How to Troubleshoot Brother Sewing Machines

Updated February 21, 2017

Problems with the Brother sewing machine workhorses are almost invariably related to the needle or thread. The machines themselves give years of service. However, jammed and tangled thread, thread tension, repeatedly breaking thread and broken needles are all problems related to these machines and you can easily troubleshoot them.

Choose the correct sized thread and needle for the fabric in question. Re-thread the machine by passing the thread through the needle bar. Hold the thread with both hands and fully pass it through the hook.

Set the tension to basic thread tension, or less, because the upper thread tension could be too tight. Badly adjusted tension will pucker the fabric and could break the thread.

Make sure the spool of thread is installed correctly. Check the correct size case is being used for the size of spool. The thread should be winding clockwise when the spool is inserted in the shuttle case. The thread should be held towards the back of the spool. Holding the shuttle case with the thread slot facing you, drop the spool into the case, direct the thread to the slot and pull it around. You'll know when it's correct because the thread won't some out too quickly. You can adjust tension with the screws on the side of the case, too.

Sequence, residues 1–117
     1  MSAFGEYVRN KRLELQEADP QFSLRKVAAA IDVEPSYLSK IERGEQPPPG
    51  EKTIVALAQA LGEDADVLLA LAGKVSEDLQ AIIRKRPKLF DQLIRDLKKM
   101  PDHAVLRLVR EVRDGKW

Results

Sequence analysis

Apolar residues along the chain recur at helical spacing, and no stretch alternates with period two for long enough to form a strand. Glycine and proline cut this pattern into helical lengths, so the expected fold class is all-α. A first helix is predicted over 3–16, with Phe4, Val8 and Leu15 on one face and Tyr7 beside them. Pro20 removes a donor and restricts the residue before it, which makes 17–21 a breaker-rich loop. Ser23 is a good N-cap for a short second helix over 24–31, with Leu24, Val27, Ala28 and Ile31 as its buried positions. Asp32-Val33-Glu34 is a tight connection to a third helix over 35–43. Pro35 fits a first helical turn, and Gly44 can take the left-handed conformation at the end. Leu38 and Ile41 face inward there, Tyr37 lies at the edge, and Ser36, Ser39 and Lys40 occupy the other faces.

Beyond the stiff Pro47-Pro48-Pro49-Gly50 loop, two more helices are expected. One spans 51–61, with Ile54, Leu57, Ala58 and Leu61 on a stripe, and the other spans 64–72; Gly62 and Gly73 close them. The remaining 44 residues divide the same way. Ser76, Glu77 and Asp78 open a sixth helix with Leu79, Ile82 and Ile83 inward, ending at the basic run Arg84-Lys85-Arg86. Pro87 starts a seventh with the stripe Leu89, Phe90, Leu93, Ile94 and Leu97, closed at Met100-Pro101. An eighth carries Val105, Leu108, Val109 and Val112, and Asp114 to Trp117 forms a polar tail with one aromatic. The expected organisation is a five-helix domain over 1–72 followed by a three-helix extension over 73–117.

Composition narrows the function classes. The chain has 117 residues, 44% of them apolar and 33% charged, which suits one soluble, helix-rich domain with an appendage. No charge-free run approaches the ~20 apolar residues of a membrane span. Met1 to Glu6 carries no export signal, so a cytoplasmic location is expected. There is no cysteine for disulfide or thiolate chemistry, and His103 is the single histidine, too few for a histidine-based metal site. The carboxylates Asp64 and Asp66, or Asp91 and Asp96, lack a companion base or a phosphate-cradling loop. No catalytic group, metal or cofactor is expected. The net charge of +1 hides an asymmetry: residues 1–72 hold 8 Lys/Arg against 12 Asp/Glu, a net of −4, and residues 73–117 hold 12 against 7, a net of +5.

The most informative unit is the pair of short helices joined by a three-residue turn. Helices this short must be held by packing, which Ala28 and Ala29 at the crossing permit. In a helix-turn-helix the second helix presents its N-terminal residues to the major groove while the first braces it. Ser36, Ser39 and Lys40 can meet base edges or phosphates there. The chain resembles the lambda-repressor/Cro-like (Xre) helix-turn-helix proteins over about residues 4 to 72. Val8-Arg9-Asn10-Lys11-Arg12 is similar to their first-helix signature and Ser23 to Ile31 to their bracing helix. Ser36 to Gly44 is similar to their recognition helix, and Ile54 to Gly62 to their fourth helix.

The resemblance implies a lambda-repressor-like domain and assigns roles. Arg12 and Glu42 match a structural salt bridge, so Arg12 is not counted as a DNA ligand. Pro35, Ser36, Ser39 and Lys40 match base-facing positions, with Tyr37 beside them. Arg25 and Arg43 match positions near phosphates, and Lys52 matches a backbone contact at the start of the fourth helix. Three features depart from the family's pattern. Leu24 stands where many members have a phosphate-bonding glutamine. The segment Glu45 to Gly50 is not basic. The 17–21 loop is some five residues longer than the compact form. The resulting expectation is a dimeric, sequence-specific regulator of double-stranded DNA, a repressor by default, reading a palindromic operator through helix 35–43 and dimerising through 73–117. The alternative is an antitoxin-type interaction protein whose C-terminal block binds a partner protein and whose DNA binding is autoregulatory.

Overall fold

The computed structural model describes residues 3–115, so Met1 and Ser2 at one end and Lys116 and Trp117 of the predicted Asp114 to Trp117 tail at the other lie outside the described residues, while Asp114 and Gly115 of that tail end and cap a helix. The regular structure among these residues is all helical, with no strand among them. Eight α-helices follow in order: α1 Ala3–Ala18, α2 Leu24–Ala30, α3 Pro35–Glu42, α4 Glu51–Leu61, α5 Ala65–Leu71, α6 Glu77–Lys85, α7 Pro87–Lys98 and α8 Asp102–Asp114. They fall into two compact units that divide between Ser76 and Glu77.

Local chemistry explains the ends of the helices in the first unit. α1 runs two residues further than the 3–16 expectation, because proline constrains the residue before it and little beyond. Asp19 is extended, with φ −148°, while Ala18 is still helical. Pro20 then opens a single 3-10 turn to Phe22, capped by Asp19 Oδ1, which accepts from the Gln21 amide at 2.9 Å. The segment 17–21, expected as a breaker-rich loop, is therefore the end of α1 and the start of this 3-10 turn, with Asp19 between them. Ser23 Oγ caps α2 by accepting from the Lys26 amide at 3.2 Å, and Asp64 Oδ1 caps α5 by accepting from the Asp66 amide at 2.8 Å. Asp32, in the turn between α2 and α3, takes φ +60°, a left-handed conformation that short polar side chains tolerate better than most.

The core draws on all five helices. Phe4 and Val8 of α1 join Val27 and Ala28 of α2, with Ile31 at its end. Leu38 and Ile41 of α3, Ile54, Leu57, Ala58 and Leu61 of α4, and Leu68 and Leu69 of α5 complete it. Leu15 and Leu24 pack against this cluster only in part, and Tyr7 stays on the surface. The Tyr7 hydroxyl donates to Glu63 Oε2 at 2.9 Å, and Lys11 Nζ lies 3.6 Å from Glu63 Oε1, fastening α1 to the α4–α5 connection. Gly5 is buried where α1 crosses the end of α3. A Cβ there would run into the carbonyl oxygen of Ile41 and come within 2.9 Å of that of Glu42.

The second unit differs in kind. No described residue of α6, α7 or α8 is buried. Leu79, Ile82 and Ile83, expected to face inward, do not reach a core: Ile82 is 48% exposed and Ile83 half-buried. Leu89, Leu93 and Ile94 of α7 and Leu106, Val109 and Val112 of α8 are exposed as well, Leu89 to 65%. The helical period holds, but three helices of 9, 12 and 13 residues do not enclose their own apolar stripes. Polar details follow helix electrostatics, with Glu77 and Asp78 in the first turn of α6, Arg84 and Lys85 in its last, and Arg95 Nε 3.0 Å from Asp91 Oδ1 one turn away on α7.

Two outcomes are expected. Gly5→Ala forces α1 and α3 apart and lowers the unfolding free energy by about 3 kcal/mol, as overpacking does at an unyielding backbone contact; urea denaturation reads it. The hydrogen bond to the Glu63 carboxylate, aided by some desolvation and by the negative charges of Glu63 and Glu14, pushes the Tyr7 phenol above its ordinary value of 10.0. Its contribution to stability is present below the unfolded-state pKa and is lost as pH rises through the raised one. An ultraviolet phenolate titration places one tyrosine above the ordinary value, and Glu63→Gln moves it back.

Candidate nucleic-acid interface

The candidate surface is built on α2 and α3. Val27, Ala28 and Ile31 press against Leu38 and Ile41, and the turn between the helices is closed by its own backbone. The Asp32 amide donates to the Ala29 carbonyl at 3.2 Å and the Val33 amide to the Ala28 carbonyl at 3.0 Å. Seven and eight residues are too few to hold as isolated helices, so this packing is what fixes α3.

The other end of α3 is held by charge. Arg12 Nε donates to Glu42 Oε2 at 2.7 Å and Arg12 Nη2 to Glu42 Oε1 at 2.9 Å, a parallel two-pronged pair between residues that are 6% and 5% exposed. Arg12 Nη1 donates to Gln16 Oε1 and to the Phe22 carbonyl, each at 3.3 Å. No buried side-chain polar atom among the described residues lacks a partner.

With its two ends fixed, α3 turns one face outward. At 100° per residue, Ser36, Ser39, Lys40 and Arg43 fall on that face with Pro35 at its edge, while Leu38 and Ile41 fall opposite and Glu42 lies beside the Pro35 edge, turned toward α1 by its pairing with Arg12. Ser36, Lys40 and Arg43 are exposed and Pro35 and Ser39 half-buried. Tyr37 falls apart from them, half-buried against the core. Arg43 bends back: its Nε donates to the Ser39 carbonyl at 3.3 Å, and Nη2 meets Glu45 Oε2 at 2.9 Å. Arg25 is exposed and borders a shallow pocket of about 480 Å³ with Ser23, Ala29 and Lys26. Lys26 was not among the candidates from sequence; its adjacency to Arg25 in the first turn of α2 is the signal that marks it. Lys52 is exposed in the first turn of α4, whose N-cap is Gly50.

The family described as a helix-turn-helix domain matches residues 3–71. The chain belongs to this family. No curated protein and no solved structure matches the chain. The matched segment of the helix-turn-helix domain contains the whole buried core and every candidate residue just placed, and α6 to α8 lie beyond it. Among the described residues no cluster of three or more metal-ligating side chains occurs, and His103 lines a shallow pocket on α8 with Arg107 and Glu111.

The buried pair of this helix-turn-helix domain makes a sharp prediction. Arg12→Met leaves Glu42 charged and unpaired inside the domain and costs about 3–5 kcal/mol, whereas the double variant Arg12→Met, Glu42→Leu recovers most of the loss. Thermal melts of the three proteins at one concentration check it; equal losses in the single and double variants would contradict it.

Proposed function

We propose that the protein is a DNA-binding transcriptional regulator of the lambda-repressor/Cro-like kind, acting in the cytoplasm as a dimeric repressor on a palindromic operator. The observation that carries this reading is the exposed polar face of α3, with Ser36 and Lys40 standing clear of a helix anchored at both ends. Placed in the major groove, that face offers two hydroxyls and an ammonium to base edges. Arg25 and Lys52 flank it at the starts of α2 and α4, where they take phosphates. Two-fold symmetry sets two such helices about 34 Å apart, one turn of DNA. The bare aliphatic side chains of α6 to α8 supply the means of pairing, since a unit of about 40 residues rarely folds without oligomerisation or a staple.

Check to make sure you are using the correct combination of needle size, thread size and fabric. Denim, for example, needs a size 16 needle and 40 to 50 heavy duty threads. The thread will break if this is wrong. Eventually, the needle will also break. Remember that heavy-duty threads are for the top stitch only. Use all-purpose in the shuttle.

Check the bobbin is threaded properly in the shuttle hook. Re-thread it if the lower thread keeps breaking.

Replace a bent or damaged needle to avoid breaking needles. Make sure the needle is correctly inserted, the flat side faces the back on Brother machines.


For tangled threads, remove the needle plate and cut any tangled threads with scissors. Don't turn the pulley by force. Remove any loose threads or lint in the shuttle race. Let the feed dogs move the fabric, don't pull it.

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About the Author

Patrick Nelson has been a professional writer since 1992. He was editor and publisher of the music industry trade publication "Producer Report" and has written for a number of technology blogs. Nelson studied design at Hornsey Art School.